Perceptions of therapeutic principles in a therapeutic community

Capone, Georgina and Braham, Louise and Schroder, Thomas and Moghaddam, Nima (2017) Perceptions of therapeutic principles in a therapeutic community. Therapeutic Communities: The International Journal of Therapeutic Communities, 38 (2). pp. 60-78. ISSN 0964-1866

Full content URL: https://doi.org/10.1108/TC-02-2017-0009

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Abstract

Purpose The purpose of this paper is to explore staff and service users' perceptions of therapeutic principles within a unique male high secure learning disability therapeutic community (LDTC). Design/methodology/approach A qualitative approach was adopted using deductive content analysis and inductive thematic analysis. In total, 12 participants took part in a semi-structured interview to explore their perceptions of Haigh's (2013) quintessence principles and any further additional therapeutic features in the environment not captured by the theory. Findings All five quintessence principles were identified in the LDTC environment. Some limits to the principle of 'agency' were highlighted, with specific reference to difficulties implementing a flattened hierarchy in a forensic setting. Additional therapeutic features were identified including; security and risk, responsivity, and more physical freedom which appear to aid implementation of the quintessence principles. Research limitations/implications The study was performed within a single case study design. Therefore, results remain specific to this LDTC. However, the finding of these principles in such a unique setting may indicate Haigh's (2013) quintessence principles are evident in other TC environments. Originality/value This is the first research paper that has attempted to test whether Haigh's (2013) quintessence principles are evident within a given therapeutic community. The research provides empirical evidence for the quintessence principles in a novel TC setting and suggests recommendations for future research.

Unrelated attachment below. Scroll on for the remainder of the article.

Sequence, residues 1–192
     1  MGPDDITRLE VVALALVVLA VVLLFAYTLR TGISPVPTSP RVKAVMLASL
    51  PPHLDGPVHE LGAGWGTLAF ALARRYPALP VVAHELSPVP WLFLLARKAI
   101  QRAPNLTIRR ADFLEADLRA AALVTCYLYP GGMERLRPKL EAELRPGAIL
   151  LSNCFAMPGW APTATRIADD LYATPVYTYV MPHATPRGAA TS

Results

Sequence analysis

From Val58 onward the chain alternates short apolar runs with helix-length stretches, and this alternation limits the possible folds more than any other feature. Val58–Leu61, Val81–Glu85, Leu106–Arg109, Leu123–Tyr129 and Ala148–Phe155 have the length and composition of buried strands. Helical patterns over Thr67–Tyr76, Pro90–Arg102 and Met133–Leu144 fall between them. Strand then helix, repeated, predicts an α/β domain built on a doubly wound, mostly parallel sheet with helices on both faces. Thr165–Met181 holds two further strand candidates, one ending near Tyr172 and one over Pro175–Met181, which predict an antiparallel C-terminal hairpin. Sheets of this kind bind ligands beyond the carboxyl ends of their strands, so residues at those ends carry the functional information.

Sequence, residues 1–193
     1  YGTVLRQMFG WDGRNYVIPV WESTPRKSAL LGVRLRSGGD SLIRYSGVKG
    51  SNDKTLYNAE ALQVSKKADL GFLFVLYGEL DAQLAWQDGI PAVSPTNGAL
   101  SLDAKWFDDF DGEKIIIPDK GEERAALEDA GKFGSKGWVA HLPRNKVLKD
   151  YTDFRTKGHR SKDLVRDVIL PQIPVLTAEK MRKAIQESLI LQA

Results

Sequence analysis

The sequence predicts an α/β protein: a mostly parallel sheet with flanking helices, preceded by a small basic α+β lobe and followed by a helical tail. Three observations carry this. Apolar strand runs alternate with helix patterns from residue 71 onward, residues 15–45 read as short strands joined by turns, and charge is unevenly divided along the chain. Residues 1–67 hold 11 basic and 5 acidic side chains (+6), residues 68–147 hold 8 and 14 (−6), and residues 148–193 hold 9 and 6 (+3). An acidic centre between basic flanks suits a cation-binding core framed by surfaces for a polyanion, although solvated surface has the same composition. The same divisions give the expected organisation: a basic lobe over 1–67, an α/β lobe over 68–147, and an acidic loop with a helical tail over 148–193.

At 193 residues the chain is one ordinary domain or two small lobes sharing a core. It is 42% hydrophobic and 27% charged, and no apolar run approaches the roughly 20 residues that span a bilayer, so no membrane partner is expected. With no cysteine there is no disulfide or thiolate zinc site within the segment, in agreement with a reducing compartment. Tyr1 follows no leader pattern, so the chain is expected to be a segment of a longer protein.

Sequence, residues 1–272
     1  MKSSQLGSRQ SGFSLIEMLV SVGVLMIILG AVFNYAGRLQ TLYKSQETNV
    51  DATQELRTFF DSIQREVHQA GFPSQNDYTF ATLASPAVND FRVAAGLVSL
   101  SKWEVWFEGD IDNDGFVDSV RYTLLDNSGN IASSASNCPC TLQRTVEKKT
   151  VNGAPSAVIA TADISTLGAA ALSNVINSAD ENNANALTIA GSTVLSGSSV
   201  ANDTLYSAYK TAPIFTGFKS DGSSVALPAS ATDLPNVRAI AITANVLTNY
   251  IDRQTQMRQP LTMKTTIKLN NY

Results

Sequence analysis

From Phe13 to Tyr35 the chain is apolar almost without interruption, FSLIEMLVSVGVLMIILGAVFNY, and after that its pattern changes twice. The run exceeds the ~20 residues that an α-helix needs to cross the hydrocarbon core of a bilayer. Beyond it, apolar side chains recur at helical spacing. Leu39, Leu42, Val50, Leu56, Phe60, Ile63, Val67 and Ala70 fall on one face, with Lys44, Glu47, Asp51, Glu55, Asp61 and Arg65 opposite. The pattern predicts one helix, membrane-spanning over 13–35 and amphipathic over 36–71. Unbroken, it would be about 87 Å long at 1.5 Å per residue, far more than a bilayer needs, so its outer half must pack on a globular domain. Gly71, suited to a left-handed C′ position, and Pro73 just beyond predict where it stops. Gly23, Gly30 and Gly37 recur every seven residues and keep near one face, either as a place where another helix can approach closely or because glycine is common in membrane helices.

Keywords:intellectual disability, therapeutic communities, personality disorder, Forensic Psychology, secure settings
Subjects:C Biological Sciences > C840 Clinical Psychology
Divisions:College of Social Science > School of Psychology
ID Code:28426
Deposited On:18 Aug 2017 10:20

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